“I will comply---.”
“When Mr. Scott returns to duty. Right. If I see you in here after Scotty comes on, I’m going to shoot you myself and strap you to a bio bed.”
McCoy walked to a cabinet and removed a hypovac. He held it to Spock’s neck and watched the vial fill with dark emerald blood. He glanced at Spock’s face. Spock’s eyes glittered beneath his downcast lashes. McCoy removed the filled vial and turned away to insert another. When he turned back, Spock’s eyes were clear and his chin up. McCoy finished drawing the blood and placed the vials in a stasis unit. He stopped at the door.
“You know where to find me,” he said.
“I do. And I shall endeavor to avoid those places,” said Spock.
McCoy concealed a grin with a fake frown. Now, that’s more like it, he thought as he marched out of the lab with a huff as false as his frown.
Outside the lab, McCoy let his grin emerge.
Inside the lab, Spock noted with mild curiosity that he did “feel” better.
Uhura stood in her shower with her face upturned as sonic waves rippled over her body. She usually preferred the hydro setting because, illogically, it made her feel cleaner. But that damned McCoy put something smelly in the water and she had no choice but to use the sonic. She had to admit that the throb of the wave generator was soothing. Sonic fingers stroked across the back of her neck and probed gently between the folds of her vagina. She tensed then relaxed.
She planted her feet a little further apart.
“Oh,” she sighed. I need this, she thought.
The computer quietly counted down, “…four, three, two…sonic, off.”
Uhura barked out a laugh. “No dance tonight,” she said.
“Please rephrase your request,” the computer asked politely.
“Nothing. No.” Uhura stepped out of the shower stall. “Just forget it,” she said.
She walked naked into her sleeping alcove, stretching her arms above her head. She sniffed her armpit and wrinkled her nose. This was why she preferred the hydro to the sonic. You came out of the sonic shower super clean--no bacteria, no natural skin oils, no dead, dry epithelials—and smelling like, well, nothing. She looked at the verbena cream Sulu bought her. She dropped her arms. She was too lazy to use it.
She stood before her replicator. There was a stack of replicator wafers left by the previous occupant of these quarters. She kept forgetting to give them to him.
She thought about the captain when she delivered Nogura’s message to him tonight. He certainly was a beautiful man—all over, as it turns out.
She shivered. She wondered if he slept nude all the time or was he just too tired to pull on some pajama pants. Was he naked now? If he was, then they were both naked at the same time. This is the naked time, she thought.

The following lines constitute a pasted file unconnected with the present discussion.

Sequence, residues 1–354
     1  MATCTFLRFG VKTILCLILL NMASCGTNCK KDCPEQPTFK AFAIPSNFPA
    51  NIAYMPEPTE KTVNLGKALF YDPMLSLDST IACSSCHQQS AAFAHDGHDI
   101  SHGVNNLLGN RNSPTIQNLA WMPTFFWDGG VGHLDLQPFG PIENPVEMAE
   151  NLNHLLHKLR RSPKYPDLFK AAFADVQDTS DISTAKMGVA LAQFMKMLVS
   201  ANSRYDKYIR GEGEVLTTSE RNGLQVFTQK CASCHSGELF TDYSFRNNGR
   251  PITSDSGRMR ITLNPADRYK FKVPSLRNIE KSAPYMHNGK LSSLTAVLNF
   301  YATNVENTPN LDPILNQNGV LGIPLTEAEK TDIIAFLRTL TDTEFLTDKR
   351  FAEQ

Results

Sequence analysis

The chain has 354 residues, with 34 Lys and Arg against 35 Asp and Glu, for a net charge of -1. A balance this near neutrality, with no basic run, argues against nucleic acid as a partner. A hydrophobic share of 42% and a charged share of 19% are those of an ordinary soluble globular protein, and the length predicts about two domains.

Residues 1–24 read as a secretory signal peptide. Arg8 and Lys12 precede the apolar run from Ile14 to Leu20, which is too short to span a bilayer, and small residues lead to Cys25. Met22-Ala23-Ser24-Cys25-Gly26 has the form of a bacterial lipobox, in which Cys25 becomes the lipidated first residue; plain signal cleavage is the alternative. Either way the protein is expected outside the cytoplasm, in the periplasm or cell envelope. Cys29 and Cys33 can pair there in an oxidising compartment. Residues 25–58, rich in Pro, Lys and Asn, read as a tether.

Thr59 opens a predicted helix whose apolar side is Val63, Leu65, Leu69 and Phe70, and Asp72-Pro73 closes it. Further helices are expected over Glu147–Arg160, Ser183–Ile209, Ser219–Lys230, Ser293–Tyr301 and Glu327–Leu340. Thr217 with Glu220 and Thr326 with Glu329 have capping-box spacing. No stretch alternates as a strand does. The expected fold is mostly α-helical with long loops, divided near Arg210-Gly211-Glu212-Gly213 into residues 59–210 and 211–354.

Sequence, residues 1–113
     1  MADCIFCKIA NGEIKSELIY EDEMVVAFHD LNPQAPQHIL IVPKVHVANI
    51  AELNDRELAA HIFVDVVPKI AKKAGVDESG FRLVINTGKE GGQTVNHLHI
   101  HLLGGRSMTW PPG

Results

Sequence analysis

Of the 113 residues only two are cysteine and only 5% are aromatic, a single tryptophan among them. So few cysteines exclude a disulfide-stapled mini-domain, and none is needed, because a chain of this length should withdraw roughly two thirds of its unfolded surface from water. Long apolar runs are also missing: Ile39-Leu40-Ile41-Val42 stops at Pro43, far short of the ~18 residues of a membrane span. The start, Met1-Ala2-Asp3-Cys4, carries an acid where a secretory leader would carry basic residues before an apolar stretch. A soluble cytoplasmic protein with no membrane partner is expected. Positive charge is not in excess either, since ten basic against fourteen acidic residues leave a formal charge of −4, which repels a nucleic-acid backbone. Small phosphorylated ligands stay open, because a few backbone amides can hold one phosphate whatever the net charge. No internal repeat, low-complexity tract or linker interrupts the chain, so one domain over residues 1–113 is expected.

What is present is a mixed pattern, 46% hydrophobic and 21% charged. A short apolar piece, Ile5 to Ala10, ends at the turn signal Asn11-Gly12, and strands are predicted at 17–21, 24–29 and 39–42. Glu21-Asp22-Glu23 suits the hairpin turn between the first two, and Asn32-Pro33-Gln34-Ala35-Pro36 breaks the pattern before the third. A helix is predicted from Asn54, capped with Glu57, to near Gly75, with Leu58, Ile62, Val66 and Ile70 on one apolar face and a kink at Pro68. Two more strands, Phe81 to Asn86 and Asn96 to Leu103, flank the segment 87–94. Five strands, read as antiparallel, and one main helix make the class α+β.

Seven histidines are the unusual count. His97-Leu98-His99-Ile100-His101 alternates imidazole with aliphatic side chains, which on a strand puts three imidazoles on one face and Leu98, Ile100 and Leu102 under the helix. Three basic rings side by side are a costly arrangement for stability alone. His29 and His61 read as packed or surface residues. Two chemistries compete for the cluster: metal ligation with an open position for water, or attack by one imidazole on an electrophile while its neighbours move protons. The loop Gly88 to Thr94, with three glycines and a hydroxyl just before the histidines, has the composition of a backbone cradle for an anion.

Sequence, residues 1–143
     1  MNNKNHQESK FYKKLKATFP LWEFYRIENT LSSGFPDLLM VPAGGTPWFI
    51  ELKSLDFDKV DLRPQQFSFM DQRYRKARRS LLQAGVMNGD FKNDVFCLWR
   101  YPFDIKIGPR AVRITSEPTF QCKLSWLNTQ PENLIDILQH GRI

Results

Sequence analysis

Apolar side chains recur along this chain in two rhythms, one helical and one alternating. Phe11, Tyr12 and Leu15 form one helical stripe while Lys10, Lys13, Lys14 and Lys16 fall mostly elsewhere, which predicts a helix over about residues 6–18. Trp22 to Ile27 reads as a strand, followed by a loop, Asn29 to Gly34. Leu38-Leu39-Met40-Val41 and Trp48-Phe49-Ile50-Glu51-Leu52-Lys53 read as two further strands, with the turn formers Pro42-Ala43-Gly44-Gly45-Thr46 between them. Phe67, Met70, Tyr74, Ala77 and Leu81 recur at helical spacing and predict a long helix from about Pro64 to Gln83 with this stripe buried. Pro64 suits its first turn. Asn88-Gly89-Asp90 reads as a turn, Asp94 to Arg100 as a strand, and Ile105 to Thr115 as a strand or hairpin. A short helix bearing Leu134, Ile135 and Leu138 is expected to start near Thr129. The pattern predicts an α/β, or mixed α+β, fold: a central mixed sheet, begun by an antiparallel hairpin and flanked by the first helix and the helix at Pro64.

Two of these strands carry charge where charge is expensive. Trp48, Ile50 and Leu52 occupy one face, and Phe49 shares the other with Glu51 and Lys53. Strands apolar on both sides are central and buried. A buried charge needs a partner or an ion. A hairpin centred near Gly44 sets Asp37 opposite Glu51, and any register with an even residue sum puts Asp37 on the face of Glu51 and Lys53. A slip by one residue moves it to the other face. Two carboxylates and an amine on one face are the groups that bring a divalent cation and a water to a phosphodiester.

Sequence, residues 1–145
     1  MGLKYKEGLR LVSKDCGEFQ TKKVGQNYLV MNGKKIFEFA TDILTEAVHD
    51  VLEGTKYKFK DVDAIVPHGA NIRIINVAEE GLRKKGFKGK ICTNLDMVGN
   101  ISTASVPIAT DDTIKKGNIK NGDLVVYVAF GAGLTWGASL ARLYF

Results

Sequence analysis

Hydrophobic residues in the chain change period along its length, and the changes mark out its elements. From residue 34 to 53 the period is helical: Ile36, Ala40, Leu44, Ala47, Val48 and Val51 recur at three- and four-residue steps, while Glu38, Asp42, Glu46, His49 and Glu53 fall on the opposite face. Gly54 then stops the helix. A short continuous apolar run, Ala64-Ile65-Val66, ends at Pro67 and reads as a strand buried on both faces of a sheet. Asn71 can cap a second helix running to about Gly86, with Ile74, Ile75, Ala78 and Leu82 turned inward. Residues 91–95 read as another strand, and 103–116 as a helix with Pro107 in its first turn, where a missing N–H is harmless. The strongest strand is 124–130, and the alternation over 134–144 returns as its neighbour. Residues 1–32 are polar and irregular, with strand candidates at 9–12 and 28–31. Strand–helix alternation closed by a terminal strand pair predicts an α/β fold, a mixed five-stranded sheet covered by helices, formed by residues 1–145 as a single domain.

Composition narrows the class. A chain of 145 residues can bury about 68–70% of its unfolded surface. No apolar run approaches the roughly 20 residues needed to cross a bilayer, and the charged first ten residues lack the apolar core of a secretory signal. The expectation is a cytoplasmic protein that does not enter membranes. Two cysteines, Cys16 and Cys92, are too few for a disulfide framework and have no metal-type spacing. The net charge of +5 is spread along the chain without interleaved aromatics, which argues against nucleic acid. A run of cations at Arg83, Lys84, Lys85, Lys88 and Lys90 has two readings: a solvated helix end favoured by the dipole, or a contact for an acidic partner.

“Don’t even think about it,” she told herself.
On the other hand, Kirk, slowly, over the last year and a half, even as he held himself distant, cool, professional, had let her know that he was available to her, not now, not soon, but…yes. He was subtly familiar in his behavior towards her. He occasionally used her first name. No one except for Scott and McCoy got that—not even Sulu with his status as Favorite Son--and certainly never a female crewman. In fact, he rarely addressed the women by more than their rank. He turned to stone if a female crewman dared to push the boundaries of a conversation beyond the normal pleasantries. He didn’t exactly engage Uhura in idle chit chat, but he listened in on her bridge banter with Riley and Sulu, occasionally adding a comment, and in his chair, with his back turned, she could tell that he smiled at her gentle teasing. Uhura was no stranger to the signals of seduction. Another woman might not read this as such. But Uhura knew differently.
She knew him.
She also knew that if she actually let it happen, Jim Kirk would never be hers alone. Part of him—the best part of him—would always belong to this ship.
She sighed. “Oh, Jim,” she said. “If only.”
She shuffled through the replicator wafers. There was chicken salad, a Vulcan tea and something labeled “murder burger”. She hadn’t the courage to ask Kirk what that was. Probably something that gave Dr. McCoy nightmares. She settled on the tea.
She sipped her tea, still not inclined to dress for bed. It felt good to be naked, even if she was alone.
But she could pretend.
“Computer, cabin atmosphere to Vulcan normal,” she said. Gravity pulled on her limbs and pressed against her shoulders. Warm air puffed from the vent, bringing with it a sharp, medicinal odor.
“Damn you, McCoy,” Uhura wailed.
“Please state the nature of--” began the computer.
“I wasn’t talking to you,” snapped Uhura. The computerized yeoman was a benefit of living in quarters designed for the captain. It was really starting to get on her nerves.
She rummaged in a drawer until she found an incense cone. She sat at her desk and checked her inbox as the air suffused with the scent of sandalwood. There was a message from Spock rescheduling her harp lesson. He had to stand in for the head of the geology department in the landing party on Psi 2000. The message was twenty hours old.
“Is that all?” she whispered. “Feels like twenty years.”